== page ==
a capital P to denote the state of ataraxia) and pleasure (such as ordinary daily pleasures weexperience).What Epicurus is essentially saying is that to understand and experience pleasure, we must firstexperience and understand pain. The language game immediately places us in trouble here, as inGerman the opposite of pleasure is not pain, but unpleasure. This also places us in the issue of 
 
having mental pains and physical pains: they may have the same name, but they are not the sameexperience (Mezes 1895, pp. 22). Epicurus noted earlier in his lett
er to Menoeceus that “every painis an evil, yet not every pain is of a nature to be avoided on all occasions” (Geer, pp. 56). So why
should we not avoid these pains, physical and mental, that cause us so much tension and anxiety?Epicurus also mentions that one should sometimes experience pains at length to attain somepleasure at the end. Speaking purely philosophically, this idea of attaining pleasure is almost
impossible, for how can one point out an end point in anything? ‘The ends justify the means’:
we
have heard this many times before. Perhaps a better saying would be ‘the means justify the means justify the means justify the means…into infinity’.
 The question posed at the beginning of the essay was whether pain with pleasure is better thanno pleasure and pain at all. What Epicurus is meaning to say is that without pain (or unpleasure, asMezes likes to term it), we would not understand pleasure (with a small p), and we would neverachieve Pleasure, true and full. What he also seems to suggest is that these two concepts areinextricably linked: that removing one removes the other. What the questions fails to remember isthat pleasure and pain is different to different people. Somebody may gain pleasure from seeingothers fail and suffer immense pains, and some people may see everyday pleasures as pointless andfrustrating (therefore leading to anxiety/pain). The question should not be which choice is better: itshould be which one is preferable to one in the context of their lives and experiences. Or for thosewho choose to straddle the fence, there is another way to consider: one where the lines betweenpleasure and pain are blurred beyond ultimates.In the Socratic method, one can question ill-founded truths and societal norms to underminethem and find a different route (de Botton 2000). While this is used by de Botton as primarily a way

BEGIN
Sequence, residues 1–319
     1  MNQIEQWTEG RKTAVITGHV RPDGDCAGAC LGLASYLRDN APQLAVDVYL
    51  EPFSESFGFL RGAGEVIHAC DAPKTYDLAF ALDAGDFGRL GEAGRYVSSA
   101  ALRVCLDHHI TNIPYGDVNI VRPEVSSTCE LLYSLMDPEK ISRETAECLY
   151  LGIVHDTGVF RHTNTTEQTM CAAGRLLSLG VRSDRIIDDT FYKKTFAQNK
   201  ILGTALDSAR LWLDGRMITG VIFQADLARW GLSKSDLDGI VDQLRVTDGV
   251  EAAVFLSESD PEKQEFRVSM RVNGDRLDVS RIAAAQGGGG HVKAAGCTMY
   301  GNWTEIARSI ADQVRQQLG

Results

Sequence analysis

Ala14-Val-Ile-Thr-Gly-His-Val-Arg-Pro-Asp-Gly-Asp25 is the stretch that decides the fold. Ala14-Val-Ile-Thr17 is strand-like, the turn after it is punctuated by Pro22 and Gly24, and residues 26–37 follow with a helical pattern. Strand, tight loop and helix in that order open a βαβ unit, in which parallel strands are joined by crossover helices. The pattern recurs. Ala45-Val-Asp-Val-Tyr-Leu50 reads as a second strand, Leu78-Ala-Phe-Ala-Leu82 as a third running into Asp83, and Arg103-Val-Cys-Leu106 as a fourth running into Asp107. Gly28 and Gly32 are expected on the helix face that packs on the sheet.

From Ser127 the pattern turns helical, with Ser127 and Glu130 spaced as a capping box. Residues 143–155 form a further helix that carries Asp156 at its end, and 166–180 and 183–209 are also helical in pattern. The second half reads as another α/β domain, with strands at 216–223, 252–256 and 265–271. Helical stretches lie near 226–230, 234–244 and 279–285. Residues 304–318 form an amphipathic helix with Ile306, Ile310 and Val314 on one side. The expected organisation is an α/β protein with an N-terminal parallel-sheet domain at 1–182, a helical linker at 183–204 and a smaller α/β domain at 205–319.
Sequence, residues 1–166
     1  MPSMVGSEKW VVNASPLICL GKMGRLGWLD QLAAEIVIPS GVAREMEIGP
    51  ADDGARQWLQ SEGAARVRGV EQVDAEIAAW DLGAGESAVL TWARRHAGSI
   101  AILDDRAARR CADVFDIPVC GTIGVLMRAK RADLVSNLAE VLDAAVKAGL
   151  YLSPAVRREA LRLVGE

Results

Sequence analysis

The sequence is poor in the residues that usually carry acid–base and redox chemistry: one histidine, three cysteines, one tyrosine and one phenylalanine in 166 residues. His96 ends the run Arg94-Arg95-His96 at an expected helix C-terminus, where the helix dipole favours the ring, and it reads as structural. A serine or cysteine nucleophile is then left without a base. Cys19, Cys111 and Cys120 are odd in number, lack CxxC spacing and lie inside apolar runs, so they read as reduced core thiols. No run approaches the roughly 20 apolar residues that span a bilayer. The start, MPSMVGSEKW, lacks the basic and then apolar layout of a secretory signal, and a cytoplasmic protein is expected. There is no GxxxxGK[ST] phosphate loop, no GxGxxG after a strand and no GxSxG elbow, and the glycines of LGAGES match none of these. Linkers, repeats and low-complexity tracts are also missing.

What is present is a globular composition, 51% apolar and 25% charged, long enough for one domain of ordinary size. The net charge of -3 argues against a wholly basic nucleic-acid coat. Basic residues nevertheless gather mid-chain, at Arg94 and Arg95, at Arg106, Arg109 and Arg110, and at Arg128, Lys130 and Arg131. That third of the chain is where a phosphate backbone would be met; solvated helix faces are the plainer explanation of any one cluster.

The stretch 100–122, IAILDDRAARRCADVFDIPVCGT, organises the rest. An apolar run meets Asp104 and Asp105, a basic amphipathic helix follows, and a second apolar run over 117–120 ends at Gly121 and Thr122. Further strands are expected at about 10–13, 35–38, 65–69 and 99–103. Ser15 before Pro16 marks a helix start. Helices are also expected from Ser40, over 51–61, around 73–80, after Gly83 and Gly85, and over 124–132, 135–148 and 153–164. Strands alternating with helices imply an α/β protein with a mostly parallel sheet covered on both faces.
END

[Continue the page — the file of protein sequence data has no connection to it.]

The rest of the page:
to find flaws in other’s truths, it can be applied to any philosophy as well (including the Socratic
method itself). Let us apply this method to the essay question,
and to Epicurus’ philosophy in
general. Pleasure and pain, as discussed earlier, are simply terms used to describe a personal feeling.There are no ultimate pleasures or pains, and in the same tact, it is impossible to apply a universaldefinition to both. Epicurus takes his philosophy one step further by saying that pleasure equals
good, and pain equals evil. Again, if we use the Socratic method, we discover that the terms ‘good’and ‘evil’ are simply relativistic ideas that change in many ways from one s
elf to the next. So how
can Epicurus say that “pleasure is the chief and natural good” when, for all he knows, pleasure can
be considered an evil to some? Vice versa, how can he say that pain is an evil, when some consider itto be good and right? The issue here is language: as soon as we put these abstract, transient ideasinto words, they fail miserably at allowing us to see a true definition (if there even is one).We can use, as an example, the idea of sado-
masochism as a counterpoint to Epicurus’
argu
ment. Sadism is defined as “
a sexual perversion in which gratification is obtained by the